Editor of Fowler's Dictionary of Modern English Usage. Writer, wordsmith, copywriter, copy-editor and lover of words. I provide editing, web copywriting, and marketing copywriting services in the Central Belt of Scotland, including Stirling, Glasgow, Edinburgh and surrounding areas, as well as throughout the UK. You can find me on Twitter @JezzB2.

2 thoughts on “Cabin fever (and artichokes). What kind of cabin is that? Folk etymology (3/3)

  1. Dear Mr Butterfield,

    Thank you for your highly entertaining and admirably researched blogs. I thought of you last week when I was visiting HMS Victory in Portsmouth. A guide was enthusiastically explaining that a lot English expressions originated with the Navy – i.e., cat o’nine tails being the source of “letting the cat out of the bag” and “no room to swing a cat” and he also described the crews’ ablution facilities. Obviously Lord Nelson and Captain Hardy had the luxury of wooden seated water closets in their cabins but the rest of the crew had to go the head, or front of the ship, to relieve themselves.

    He then said that as they had no luxurious puppy-soft triple velvet toilet paper they used a piece of cloth tied to a rope and towed behind the ship and that was the origin of the expression Tow rag. I asked him if he spelt it Toe or Tow but he couldn’t spell so I didn’t find out. I’m sure everyone says Toe – are they wrong?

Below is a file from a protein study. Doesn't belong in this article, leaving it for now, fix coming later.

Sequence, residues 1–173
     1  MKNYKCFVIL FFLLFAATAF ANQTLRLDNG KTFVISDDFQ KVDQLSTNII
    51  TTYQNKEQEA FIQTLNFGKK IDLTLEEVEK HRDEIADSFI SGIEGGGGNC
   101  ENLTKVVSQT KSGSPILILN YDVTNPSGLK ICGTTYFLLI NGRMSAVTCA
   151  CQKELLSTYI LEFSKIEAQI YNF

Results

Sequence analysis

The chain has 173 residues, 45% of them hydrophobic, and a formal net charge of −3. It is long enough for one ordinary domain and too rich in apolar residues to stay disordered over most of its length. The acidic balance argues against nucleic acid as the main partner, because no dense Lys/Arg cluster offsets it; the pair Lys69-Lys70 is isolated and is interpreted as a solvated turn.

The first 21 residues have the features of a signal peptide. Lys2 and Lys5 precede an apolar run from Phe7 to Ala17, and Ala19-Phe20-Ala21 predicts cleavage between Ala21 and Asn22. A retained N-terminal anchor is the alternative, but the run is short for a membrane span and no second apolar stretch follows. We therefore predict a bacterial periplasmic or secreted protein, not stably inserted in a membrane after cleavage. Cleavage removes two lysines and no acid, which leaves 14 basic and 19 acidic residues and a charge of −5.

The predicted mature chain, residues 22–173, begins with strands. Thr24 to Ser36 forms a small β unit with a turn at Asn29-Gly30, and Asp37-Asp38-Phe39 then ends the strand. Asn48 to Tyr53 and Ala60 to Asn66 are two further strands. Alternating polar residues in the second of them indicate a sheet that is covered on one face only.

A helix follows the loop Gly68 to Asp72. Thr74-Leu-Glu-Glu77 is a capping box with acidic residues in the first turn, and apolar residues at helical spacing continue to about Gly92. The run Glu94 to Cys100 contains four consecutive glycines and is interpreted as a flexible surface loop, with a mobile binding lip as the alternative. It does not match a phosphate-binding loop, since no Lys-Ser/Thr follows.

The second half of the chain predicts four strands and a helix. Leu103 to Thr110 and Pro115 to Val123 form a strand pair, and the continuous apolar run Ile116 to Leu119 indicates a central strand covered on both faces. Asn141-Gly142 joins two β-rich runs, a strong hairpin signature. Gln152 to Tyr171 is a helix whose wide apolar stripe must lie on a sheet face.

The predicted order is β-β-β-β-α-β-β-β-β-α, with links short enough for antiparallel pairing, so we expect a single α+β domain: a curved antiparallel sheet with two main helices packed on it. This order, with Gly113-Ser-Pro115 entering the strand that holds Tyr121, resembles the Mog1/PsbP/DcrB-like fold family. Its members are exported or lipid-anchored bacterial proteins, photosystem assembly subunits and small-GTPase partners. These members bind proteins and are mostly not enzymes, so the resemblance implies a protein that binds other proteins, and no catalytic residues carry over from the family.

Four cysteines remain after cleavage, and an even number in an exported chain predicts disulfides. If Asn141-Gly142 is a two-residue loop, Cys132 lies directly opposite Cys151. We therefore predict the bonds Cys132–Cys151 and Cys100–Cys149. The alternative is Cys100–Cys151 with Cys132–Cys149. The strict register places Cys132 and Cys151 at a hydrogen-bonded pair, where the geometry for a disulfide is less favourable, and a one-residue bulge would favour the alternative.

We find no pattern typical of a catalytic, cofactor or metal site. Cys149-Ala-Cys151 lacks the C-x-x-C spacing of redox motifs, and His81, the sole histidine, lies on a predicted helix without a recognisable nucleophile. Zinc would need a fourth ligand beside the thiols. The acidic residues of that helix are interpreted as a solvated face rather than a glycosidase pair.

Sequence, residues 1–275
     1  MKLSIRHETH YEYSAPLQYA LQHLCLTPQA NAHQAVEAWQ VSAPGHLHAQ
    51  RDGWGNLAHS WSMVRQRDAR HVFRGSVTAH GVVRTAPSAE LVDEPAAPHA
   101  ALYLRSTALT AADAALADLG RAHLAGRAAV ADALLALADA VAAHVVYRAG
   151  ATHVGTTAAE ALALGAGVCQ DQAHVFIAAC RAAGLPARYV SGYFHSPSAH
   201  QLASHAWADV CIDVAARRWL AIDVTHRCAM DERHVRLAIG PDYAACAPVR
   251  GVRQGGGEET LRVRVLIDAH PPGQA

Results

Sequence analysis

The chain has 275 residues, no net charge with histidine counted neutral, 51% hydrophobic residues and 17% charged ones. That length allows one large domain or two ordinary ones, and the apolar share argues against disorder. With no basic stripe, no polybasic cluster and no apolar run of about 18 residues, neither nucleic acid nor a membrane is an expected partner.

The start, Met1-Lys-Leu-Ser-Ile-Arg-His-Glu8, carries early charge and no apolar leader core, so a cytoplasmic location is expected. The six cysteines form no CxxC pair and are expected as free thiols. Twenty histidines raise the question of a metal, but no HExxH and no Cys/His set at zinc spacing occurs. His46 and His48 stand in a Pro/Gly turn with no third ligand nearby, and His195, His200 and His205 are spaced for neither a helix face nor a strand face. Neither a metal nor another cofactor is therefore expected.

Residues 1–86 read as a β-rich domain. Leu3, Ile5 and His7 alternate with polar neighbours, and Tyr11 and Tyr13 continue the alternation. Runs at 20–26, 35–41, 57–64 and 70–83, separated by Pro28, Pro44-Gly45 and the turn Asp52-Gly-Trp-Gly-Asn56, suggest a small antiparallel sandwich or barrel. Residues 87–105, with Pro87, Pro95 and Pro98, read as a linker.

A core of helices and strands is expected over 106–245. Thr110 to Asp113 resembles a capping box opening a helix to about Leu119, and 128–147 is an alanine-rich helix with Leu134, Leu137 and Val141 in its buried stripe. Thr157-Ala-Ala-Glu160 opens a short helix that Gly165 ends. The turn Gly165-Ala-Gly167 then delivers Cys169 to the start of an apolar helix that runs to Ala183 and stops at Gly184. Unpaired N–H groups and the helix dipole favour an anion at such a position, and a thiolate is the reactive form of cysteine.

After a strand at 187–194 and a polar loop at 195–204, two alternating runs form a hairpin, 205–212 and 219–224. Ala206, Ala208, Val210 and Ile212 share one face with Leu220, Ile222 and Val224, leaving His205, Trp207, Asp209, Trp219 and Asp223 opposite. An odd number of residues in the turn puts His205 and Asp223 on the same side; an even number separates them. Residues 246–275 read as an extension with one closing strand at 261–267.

Have you any ideas?

    With kind regards,

    Alicia Helman


    • Dear Ms Helman,

      Thanks for your complimentary remarks about my blog, and for your question. Guides to historic sites perform an invaluable task in helping people enjoy their visit. (I was for a while a volunteer guide at an NT property, you know, one of those intimidating people that leap out at you and fill you with more facts than you can shake a stick at.) Unfortunately, in their quest to sex up their stories, they perpetuate some rather stale, not to say rancid, folk etymologies. Such is the case with ‘swing a cat’, to a debunking of which I’ve attached a link.

      As for toe-rag, spelt thus, it is merely a combination of … toe and rag.